CINCINNATI — When it comes to redeveloping Cincinnati’s urban neighborhoods, decision-makers of all kinds are struggling to answer the same question.
Is it possible to have gentrification in a neighborhood while at the same time keeping enough quality, affordable housing that low-income residents aren’t forced out?
The University of Cincinnati College of Law gathered a group of local and national experts this week at the Taft Law Center Downtown for a roundtable discussion to explore those housing concerns and try to identify new approaches.
“Gentrification and affordable housing are not necessarily incompatible,” College of Law Dean Verna Williams said at the start of the discussion. “We’re here with an eye toward generating ideas to move us forward.”
The expert panel included: Bruce Eichner, founder and chairman of New York-based Continuum Company LLC; Mike Eriksen, associate professor at UC’s Lindner College of Business; attorney and former Cincinnati City Councilman Kevin Flynn; Tia Gaynor, assistant professor at UC’s College of Arts & Sciences; Bobby Maly, chief operating officer of Model Group; and Kathy Schwab, executive director of Greater Cincinnati Local Initiatives Support Corporation.
Flynn noted that people with disabilities are impacted by a lack of quality, affordable housing more than any other demographic group.
Among people with disabilities who are trying to work, the unemployment rate is about 25%, he said.
“You’ve got very low incomes among this group of persons with disabilities,” he said, and a very small percentage of affordable housing is fully accessible for people with disabilities because much of it was built before the Americans with Disabilities Act was passed. “So now you’ve got a disproportionately high percentage of a population needing low-income affordable housing and a disproportionately low availability of units."
Schwab is helping to lead a community effort to solve Cincinnati and Hamilton County’s affordable housing crisis.
The work could affect hundreds of thousands of local residents living in housing that consumes an out-sized chunk of their income.
“Hopefully it will be a 10-year plan adopted by the city and county to change the landscape about the way (affordable housing) is funded and the way policies are made,” she said.
The rule of thumb is that housing costs are “affordable” if they consume no more than 30 percent of a family’s household income.
Under that definition, Cincinnati is one of the most affordable cities in the nation, Erikson said.
However, he suggested it might be more accurate to consider other costs, too, such as how much families have to pay for transportation, food and child-care.
“Let’s subtract that from their income and see what’s left,” he said. “If we look at that in Cincinnati, instead of being one of the best, we’re not so high anymore. We have high transportation costs, high cost-of-living areas.”
Are unions the answer?
The biggest barrier to developing more affordable housing is there aren’t many sources of funding that developers can use to help cover the costs of developing properties that won’t collect high rents, Maly said.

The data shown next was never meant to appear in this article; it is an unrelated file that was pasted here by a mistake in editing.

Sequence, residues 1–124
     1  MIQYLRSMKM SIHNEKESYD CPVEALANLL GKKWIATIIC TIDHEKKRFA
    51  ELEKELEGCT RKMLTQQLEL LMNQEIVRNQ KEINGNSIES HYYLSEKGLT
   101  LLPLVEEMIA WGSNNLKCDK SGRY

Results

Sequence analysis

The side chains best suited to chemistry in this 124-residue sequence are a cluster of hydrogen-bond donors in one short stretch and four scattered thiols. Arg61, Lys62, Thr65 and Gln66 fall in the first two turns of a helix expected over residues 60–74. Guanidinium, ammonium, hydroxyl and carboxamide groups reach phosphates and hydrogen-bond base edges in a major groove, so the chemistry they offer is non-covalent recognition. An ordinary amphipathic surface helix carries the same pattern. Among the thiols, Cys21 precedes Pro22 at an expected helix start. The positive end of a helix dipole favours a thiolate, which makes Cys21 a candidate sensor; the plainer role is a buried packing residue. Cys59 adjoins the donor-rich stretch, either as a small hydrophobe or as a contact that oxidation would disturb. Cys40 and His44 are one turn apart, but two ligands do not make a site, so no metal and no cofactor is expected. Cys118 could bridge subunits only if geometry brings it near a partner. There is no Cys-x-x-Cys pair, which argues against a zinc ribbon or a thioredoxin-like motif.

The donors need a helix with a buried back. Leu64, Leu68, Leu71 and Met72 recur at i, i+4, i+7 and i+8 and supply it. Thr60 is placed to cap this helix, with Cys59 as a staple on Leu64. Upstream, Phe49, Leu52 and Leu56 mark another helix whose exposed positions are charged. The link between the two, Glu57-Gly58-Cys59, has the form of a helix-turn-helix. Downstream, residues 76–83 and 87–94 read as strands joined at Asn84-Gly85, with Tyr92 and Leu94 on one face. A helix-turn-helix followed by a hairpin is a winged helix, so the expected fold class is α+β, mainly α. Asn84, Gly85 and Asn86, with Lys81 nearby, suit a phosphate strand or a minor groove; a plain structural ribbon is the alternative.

“Folks are not economically incentivized to build housing at a loss,” he said.
Eichner said his company tackled the problem in New York City by approaching labor unions to get their help to build what he called “workforce housing.”
That’s housing that is affordable for families that earn between 80% and 120% of an area’s median income. In Greater Cincinnati, that range would cover household incomes between about $64,000 and $120,000 per year, Eriksen said.
“No one had built any housing for that population since the mid-1970s in New York,” Eichner said.
So he approached unions and asked if they would finance the development using their pension funds. Eichner said his company pledged to use union labor for the project and to build it on private land.
“The unions issued a $550 million commitment to build housing,” he said.
A portion of the development was designed as “workforce housing,” and other units will be affordable for families with lower incomes, he said.
“I concentrated on trying to address a piece of the problem — workforce housing,” he said. “That template is replicable. The unions would do a project like that any place there is a significant union presence.”
Gaynor suggested that political leaders should be sure to consider neighborhood residents’ needs instead of solely focusing on incentives for developers.
“There are companies that are enticed to come into communities,” she said. “There are tax incentives situated around that. So think about, instead of giving tax abatements, can these companies contribute to the affordable housing trust, and what that might look like.”
Bottom line, Gaynor said: “Private industries take resources from communities. It’s only right that they give resources back to the communities in which they are housed.”
Williams encouraged the expert panel and the several dozen people in attendance to come up with ideas for what Cincinnati and Hamilton County could do next to address the issue.
- Learning more about workforce housing development from other communities;
- Studying whether developments with half affordable housing and half market-rate housing could work here;
- Examining whether there’s a need for stricter time limits on tax abatements;
- And bringing trade unions into the conversation.
Schwab invited the group to reconvene and offer ideas and suggestions for the affordable housing plan that she is working to shape.
“That will end hopefully at the end of this year with policies to roll out next year,” she said.
Lucy May writes about the people, places and issues that define our region – to celebrate what makes the Tri-State great and shine a spotlight on issues we need to address. Poverty is an important focus for her and for WCPO. To reach Lucy, email email@example.com. Follow her on Twitter @LucyMayCincy.